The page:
“It has been coming on so gradually, that I hardly know when it began. But I believe I must date it from my first seeing his beautiful grounds at Pemberley”
That is an excerpt from Jane Austen’s Pride and Prejudice where our heroine, Elizabeth Bennett explains to her sister when she realised that she was in love with the protagonist, Mr Darcy.
I too, fell in love with Mr Darcy. Except it was after watching Colin Firth portray him in the 1995 BBC production of Jane Austen’s famous book. But I also fell in love with the building that portrayed his country estate, Pemberley.
When I learned that Lyme Park in Cheshire was the setting for Pemberley in the BBC version, I knew that one day I would have to go and see ‘Pemberley’ for myself and perhaps find my own Mr Darcy?
Well the latter didn’t happen on the cold day in February 2017 when I finally got to Lyme Park – 22 years after I first saw it in the show. But I noticed a couple of things straight away:
- The view you get when making your way up the driveway to the house is not the same as the view that Elizabeth Bennett had from her carriage
- The driveway is freakishly long – maybe I’m just not use to going to an English country estate
- I really want to watch Pride and Prejudice again!
Once I finally got down the driveway, I parked at the bottom of a hill and proceeded to walk up towards the house. Trying not to slip over as I went because there had been a bit of rain the previous day and everything was muddy. (side note: When I took the car back to Hertz I apologised for the mess it was in but it had been pretty muddy wherever I went during the previous 8 days. The guy took one look at the car and said “You call that a mess?” .. I couldn’t help but feel relieved because to me, there was dirt everywhere 😀 )
Once I had gotten to the top of the hill, I could really appreciate the building I was looking at.
“It looks smaller”, I thought at the time. But once I went inside and wandered around the grounds, I came away with a different perspective.
So I got my entrance ticket then went into the chapel where there was going to be a 30 minute talk about the family who owned the building – which turned out to be rather fascinating so I am glad I went.
The ‘lake scene’!!!
The estate dates back to 1346 and parts of the current house were built around the end of the 16th Century. The house has been renovated and restored over the last few centuries by the same family, the Legh’s, until 1946 when it was given to the National Trust – not an unusual practice for these houses as they can become to expensive for the families to run themselves.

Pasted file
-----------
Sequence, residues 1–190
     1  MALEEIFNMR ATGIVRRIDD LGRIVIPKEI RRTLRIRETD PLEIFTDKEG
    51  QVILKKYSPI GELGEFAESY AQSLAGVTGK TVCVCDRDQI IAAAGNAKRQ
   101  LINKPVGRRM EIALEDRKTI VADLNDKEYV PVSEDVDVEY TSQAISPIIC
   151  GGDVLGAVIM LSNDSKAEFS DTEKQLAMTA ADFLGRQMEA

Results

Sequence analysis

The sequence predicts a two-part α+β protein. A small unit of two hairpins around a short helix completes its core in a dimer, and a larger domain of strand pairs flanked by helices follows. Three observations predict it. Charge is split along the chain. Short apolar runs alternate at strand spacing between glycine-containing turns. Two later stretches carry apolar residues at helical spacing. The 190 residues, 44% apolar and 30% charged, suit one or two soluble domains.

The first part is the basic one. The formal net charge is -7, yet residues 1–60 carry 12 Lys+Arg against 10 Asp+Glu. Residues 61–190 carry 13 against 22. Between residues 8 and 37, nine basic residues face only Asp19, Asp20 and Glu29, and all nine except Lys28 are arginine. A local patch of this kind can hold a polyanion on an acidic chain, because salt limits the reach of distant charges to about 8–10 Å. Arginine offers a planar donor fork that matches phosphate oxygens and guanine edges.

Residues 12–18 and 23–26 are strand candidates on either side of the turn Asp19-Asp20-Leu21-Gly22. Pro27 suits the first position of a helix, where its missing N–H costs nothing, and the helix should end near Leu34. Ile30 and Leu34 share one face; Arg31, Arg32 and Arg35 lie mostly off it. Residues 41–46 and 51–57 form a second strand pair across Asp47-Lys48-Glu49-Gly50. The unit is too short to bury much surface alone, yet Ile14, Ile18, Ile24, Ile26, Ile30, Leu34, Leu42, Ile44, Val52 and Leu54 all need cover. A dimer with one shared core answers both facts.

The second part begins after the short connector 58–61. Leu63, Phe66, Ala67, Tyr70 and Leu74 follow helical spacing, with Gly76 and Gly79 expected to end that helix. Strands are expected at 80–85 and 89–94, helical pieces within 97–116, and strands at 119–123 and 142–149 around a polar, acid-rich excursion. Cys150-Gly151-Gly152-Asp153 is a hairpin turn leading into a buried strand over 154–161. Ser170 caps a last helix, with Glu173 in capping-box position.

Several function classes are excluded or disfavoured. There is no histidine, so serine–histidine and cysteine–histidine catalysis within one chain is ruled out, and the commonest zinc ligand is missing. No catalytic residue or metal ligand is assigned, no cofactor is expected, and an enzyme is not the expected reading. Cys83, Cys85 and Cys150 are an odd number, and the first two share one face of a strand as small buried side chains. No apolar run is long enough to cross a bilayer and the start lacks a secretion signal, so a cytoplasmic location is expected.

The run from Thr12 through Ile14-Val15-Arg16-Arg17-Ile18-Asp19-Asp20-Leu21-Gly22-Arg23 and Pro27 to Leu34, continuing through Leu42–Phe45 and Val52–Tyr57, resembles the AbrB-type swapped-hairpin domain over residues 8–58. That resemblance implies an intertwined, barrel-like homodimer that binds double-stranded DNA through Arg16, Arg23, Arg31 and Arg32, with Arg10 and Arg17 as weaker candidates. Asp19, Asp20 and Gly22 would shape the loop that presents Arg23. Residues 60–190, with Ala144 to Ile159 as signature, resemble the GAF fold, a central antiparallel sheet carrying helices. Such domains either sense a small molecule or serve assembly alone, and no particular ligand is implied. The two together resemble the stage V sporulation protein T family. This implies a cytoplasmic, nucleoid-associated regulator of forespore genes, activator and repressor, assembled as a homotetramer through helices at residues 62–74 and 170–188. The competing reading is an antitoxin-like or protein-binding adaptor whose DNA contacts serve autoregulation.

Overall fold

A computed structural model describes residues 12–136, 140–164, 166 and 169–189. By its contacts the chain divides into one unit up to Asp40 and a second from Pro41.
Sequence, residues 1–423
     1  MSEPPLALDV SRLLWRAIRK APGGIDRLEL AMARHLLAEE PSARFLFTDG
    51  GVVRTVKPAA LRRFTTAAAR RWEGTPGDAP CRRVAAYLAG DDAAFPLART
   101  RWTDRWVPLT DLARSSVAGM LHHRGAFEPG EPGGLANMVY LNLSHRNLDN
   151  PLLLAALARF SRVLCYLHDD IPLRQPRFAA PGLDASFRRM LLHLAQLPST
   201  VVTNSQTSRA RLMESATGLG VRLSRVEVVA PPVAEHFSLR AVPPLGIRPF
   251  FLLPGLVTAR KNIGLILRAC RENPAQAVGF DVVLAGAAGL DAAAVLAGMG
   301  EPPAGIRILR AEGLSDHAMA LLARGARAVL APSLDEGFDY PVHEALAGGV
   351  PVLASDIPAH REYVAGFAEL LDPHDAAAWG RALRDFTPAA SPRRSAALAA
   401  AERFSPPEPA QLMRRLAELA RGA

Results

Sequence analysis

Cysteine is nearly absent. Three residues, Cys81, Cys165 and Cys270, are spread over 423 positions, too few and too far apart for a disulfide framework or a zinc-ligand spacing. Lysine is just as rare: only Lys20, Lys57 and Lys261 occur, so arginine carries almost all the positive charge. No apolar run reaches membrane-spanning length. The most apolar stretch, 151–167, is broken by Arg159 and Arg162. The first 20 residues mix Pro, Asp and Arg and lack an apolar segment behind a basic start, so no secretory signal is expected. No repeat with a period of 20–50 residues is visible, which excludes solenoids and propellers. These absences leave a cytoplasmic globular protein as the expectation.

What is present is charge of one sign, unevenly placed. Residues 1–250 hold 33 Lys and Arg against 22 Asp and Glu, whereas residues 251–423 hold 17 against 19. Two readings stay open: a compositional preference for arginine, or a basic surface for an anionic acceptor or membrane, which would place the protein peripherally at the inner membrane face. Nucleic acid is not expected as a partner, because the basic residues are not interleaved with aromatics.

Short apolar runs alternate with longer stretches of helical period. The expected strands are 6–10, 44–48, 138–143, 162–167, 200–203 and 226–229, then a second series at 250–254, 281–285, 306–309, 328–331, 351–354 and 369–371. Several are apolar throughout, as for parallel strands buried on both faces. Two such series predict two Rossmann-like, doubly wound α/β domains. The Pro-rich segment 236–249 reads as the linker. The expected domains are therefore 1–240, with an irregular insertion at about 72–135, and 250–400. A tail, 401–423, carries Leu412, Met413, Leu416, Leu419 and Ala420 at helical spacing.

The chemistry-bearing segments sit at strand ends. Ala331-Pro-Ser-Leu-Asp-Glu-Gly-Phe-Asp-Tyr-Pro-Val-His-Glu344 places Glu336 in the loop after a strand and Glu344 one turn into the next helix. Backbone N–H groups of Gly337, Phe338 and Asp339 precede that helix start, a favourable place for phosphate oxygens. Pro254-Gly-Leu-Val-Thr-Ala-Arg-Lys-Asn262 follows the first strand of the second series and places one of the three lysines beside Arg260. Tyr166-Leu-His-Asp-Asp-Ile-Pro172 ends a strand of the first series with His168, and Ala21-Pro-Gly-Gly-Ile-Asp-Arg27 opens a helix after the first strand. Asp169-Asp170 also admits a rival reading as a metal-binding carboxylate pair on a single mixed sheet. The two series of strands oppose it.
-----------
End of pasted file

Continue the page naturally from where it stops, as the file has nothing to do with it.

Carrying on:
The story goes that the land was granted to the D’anyers family by Richard II (son of the Black Prince) because Sir Thomas D’anyers rescued the kings standard when it was dropped in battle 1346 – apparently in those days the kings standard was very important because it’s what the troops followed into battle, if they couldn’t see the standard they didn’t know who they were fighting for. The Legh’s family crest is a severed arm holding a standard, which is found throughout the house – including the main staircase where the end of the arm is red so it looks like it’s bleeding!
What I loved about Lyme Park is that you could actually sit down. You walk into the library, sit down on one of the seats and read up about the building or the particular room you were in. I found the staff (whether they were volunteers I am not sure), really quite passionate about the place and were very laid back and friendly. At one point, just after I arrived, one of the staff jumped on the grand piano and began playing it.
I have to admit that I found the house a lot more homely at Lyme Park than I did at Blenheim Palace.
Some interior photos below:
There was some very exquisite items and amazing artwork scatter throughout the hosue, giving you lots of different things to look at. While I was there, it was school holiday’s and they had a program where kids could dress up in Regency clothes and wear them around the property. It was a little bit eerie when I looked down one hallway that was empty apart from the young girl in period dress.
On the outside, the estate was equally impressive. Since I was visiting in winter, there were no flowers in bloom (save for the occasion snowdrop) and it would have been nice to see the flowers but the good thing was that there were not many people around due to the weather.
Some exterior photos below:
Walking in Mr Darcy & Miss Bennett’s footsteps
I wandered around the lake and came across the scene that I had been waiting for since arrived (ok, I’ve been waiting for it for 22 years!) – the house reflected in the lake.
And I was not disappointed! Honestly I am kind of glad that it was a grey day, I think it suited the house quite nicely.
I’m not even going to tell you how many photos I took of that scene but I will say, even I was embarrassed as to how many when I was looking back over my photos.
But then again.. I mean look at it!
Lyme Park Particulars:
- Lyme Park is located on the edge of the Peak District about 45 minutes drive from Manchester.
- For Opening Times, check the website for the day you wish to visit as opening times can change depending on what else is happening.
- Cost to visit the whole property is £11.00 for adults and £5.00 for children – family prices are also available.
- You can also get either just the house or garden entrance for reduced prices.
- Lyme Park is also popular with walkers – you need to pay for park entry with a car being £8.00 or minibus £12.00 (that is on top of your entrance fee for the house).
- If you don’t have a car, you can get the train to the local town of Disley and walk the 1/2 mile to the entrance or there are regular buses from Stockport and Buxton.
- If you are a member of the National Trust, you can get into Lyme Park and many other places around the UK for free.